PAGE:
St. George » Moisture, and a lot of it, is expected to keep much of southern Utah's fire danger below or at normal levels this year.
Fire managers with the Color Country Interagency Fire Agency gathered in St. George on Friday to discuss what to expect this year on the potential fire situation from May through August.
Walter Burdick, fire management officer for Color Country, said southwestern Utah and the Arizona Strip, the portion of Arizona south of the state border to the North Rim of Grand Canyon National Park, has 238 percent of normal precipitation this year.
Color Country agency is a united effort that shares resources of members, including the Bureau of Land Management, Dixie National Forest, Utah Division of Forestry, Fire and State Lands, National Park Service and Bureau of Indian Affairs.
Much of the water, Burdick said, is snowpack in the mountains that is slowly beginning to trickle down, but should last through early June.
He said his predictions are based on meteorological reports compiled by the Predictive Service for the Eastern Great Basin Coordination Center that is part of the National Interagency Coordination Center for wildfires.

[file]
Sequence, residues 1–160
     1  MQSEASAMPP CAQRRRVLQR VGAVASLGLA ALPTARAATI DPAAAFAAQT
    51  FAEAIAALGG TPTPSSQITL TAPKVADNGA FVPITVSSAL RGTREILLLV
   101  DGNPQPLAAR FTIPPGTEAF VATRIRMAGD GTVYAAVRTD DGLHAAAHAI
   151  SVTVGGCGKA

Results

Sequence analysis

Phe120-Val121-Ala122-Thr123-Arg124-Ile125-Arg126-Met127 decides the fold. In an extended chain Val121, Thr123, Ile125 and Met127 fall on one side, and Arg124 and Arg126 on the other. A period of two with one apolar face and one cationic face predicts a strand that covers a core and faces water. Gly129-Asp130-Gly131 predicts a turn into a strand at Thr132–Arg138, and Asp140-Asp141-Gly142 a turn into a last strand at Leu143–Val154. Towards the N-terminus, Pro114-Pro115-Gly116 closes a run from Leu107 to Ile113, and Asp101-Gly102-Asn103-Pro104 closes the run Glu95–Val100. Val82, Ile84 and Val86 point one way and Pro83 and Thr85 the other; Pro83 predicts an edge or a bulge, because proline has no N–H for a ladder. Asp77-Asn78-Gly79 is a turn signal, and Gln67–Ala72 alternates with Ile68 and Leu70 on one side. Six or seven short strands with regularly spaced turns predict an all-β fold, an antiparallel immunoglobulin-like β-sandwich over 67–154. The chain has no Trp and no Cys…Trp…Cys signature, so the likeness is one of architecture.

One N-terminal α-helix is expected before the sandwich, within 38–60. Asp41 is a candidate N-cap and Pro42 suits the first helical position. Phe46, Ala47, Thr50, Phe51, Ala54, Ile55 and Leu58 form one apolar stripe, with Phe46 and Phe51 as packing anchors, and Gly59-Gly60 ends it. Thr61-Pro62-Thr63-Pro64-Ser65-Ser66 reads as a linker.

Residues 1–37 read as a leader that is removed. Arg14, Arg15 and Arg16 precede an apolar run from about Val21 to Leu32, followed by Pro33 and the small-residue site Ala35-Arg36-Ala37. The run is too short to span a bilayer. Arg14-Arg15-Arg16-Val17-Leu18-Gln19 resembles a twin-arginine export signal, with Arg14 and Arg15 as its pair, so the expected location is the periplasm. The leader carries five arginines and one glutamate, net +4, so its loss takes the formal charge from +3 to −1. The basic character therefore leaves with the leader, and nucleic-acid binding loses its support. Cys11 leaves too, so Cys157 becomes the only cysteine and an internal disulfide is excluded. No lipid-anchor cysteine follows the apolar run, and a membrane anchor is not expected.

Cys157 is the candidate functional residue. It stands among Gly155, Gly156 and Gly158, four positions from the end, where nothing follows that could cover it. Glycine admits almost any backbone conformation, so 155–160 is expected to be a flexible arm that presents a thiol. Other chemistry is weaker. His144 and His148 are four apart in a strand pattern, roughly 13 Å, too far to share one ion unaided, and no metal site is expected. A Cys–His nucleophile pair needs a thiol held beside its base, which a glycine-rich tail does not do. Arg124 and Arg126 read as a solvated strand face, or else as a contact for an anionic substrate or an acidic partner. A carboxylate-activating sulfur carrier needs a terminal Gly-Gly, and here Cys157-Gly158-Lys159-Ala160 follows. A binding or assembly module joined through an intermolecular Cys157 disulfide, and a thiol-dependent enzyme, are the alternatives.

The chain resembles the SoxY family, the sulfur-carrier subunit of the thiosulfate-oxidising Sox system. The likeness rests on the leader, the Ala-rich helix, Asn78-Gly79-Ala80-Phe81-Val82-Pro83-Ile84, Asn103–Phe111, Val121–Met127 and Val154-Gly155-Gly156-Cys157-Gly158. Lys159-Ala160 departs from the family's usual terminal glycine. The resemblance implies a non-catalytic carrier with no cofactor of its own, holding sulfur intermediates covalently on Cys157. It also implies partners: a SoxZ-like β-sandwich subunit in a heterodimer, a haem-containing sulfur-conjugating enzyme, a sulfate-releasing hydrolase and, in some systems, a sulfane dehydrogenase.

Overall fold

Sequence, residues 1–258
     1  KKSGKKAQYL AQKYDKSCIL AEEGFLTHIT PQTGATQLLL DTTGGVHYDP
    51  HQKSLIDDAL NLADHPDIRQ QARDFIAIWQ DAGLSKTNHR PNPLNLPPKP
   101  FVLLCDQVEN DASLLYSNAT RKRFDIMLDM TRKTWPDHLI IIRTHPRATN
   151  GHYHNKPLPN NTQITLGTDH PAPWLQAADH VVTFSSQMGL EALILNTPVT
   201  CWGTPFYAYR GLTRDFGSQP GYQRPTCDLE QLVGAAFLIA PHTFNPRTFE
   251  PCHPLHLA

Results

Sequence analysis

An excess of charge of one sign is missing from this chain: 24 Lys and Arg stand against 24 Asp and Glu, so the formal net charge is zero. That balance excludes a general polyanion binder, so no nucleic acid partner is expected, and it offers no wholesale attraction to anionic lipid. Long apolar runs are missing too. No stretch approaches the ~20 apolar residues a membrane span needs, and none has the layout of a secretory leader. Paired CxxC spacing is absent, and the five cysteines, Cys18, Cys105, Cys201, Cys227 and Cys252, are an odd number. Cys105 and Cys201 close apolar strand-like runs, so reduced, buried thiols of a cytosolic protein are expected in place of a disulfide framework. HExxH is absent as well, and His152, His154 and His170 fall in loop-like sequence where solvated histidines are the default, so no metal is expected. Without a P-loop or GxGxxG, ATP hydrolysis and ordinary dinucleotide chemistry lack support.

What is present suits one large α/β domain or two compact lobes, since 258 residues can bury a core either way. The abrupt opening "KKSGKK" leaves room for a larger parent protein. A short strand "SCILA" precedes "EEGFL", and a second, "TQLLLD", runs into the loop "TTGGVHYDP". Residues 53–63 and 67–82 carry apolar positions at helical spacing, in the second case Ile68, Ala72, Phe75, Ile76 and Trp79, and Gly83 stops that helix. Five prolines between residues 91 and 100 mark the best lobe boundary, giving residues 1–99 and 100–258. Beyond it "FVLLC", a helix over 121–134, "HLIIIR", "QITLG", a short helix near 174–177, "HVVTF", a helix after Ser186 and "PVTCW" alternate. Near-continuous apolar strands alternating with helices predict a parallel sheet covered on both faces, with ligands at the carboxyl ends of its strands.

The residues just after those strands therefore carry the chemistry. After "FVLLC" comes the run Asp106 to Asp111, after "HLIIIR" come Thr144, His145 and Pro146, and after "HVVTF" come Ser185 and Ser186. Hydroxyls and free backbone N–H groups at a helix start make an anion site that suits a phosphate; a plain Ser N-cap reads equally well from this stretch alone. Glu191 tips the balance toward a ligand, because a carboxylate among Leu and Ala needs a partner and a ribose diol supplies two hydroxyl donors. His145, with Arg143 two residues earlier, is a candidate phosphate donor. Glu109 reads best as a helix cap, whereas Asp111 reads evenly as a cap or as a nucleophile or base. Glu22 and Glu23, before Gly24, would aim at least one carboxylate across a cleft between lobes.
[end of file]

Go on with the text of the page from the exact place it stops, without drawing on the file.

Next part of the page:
Burdick said while northern Utah has only up to 95 percent of normal water, the higher figures for southern Utah means fire potential is below normal in many areas.
He said the deep snowpack and a cool pattern for southern Utah means it will take grasses longer to green up.
He also said precipitation through May will possibly continue to increase, adding to the snowpack.
Snows have flattened much of the carryover grasses from last year that makes them less likely to spread fire than standing grasses.
The highest potential for fire is at lower elevations, and fire threats will move from southern geographic regions to northern regions, Burdick said.
In the meantime, fire managers plan on several prescribed burns in southern Utah, as conditions allow.
Park service spokesman David Eaker said several prescribed burns are planned for southwestern Utah, including a fire of more than 10,000 acres in Beaver County and 2,850-acre fire in Pocket Mesa area of Zion National Park.
Eaker said prescribed fires are ignited by land managers to decrease risks to life, property and other resources on public and private lands.
Fire threat low for southern Utah